Decolonizing the Colonel: The Afterlives of KFCs

Critics of the strip-malling of America often describe the country’s franchise-saturated landscape as a monoculture: bland, dangerously homogenous, and quite possibly doomed. But even the life of the most anonymous franchise building can take an unexpected turn.

The Chilean-born, New York-based photographer Camilo José Vergara has spent much of his career documenting the rise and decline of buildings in poor urban areas. He became interested in the lowly edifices of fast-food culture after hearing about a Chicago businessman convicted of tax evasion who had lost 25 Kentucky Fried Chicken franchises at once. What would happen to the jilted buildings? “Any fast-food company is extremely careful in presenting its public face,” Vergara notes. “They hire the most expensive designers to create a presence that makes you want to stop in your tracks. When bad times hit, the reverse process starts, and the markers that made the place immediately identifiable as a KFC or Pizza Hut are the first things to be removed, so you just drive by. There’s a formula to it.”

The first KFC whose afterlife he documented was included in his 2005 survey of storefront churches, How the Other Half Worships. It had been reincarnated as a Pentecostal church in Newark, New Jersey, its facade resurfaced in brick and its trademark turret turned into a steeple. “The minister said more people came to praise God than came to buy chicken,” Vergara recalls. “The only drawback of the place was the chicken grease.” Another in Philadelphia did a stint as a headstone retailer for a cemetery across the street before becoming a Chinese take-out restaurant. Others are destined to become laundromats, H&R Blocks, and Dunkin’ Donuts franchises, while still others remain boarded-up and abandoned, their fortunes tied to the value of the land they sit on.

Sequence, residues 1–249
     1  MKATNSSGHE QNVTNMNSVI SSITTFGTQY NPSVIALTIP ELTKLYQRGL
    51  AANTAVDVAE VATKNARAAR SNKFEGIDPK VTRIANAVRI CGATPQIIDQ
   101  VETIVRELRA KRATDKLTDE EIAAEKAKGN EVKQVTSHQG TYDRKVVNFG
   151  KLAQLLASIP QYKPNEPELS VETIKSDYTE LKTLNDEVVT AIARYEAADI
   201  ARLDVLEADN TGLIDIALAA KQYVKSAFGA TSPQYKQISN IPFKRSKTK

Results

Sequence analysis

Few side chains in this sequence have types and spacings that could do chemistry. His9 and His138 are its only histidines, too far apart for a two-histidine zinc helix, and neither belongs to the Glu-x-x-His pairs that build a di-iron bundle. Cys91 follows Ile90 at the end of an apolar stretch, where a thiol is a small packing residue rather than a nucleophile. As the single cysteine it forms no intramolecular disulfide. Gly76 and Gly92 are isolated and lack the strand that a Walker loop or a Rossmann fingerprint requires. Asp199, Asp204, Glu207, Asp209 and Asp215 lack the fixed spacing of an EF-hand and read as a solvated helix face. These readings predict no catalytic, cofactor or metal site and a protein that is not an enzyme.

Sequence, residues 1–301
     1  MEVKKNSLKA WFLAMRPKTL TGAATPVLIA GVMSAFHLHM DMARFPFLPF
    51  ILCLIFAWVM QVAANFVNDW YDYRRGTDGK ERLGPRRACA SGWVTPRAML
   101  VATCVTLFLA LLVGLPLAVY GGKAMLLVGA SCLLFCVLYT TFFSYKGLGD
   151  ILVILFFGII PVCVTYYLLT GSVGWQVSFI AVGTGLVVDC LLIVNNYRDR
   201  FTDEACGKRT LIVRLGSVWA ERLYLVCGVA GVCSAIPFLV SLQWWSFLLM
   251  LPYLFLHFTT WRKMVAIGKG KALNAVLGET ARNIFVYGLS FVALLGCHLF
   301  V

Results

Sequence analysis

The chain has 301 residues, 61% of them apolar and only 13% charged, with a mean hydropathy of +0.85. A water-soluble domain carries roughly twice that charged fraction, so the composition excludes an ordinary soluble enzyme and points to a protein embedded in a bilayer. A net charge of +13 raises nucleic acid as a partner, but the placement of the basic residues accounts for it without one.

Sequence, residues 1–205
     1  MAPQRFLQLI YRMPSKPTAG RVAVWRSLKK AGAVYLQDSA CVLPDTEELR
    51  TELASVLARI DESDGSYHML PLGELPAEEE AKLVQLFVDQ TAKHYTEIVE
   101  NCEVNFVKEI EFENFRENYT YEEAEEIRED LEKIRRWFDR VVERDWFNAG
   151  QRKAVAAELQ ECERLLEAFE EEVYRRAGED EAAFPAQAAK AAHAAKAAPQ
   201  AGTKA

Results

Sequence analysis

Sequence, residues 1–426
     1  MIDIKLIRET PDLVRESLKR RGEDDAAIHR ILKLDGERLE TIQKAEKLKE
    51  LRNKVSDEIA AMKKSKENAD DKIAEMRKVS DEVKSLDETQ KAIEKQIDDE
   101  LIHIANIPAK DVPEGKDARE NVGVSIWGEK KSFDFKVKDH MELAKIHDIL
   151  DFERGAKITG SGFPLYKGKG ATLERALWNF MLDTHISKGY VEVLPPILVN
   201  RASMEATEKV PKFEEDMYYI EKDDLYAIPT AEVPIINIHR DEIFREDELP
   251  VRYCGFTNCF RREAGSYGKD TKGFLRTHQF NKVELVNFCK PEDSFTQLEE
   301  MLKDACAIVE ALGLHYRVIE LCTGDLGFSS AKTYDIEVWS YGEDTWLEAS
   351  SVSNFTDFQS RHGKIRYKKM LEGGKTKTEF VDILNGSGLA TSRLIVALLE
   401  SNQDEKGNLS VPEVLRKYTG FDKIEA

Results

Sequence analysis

The pictures are deliberately neutral, taken in even light, and often from the roof of Vergara’s car to avoid distortion. The approach puts the focus on the buildings, showing the KFC as a modern form of vernacular architecture that can be widely repurposed after its days of serving up crispy chicken strips are done. As he has done with other projects, Vergara plans to continue photographing these buildings over time, eventually compiling his images into a grid that shows a range of possible outcomes.

“I’m trying to out-Becher the Bechers,” he observes, referring to the influential Düsseldorf photography duo known for their studies of industrial structures in postwar Germany. “For them, the idea was to take one picture. But I want to show as many stages as possible. My Kentucky Fried Chickens are very fidgety. They don’t stay quiet.”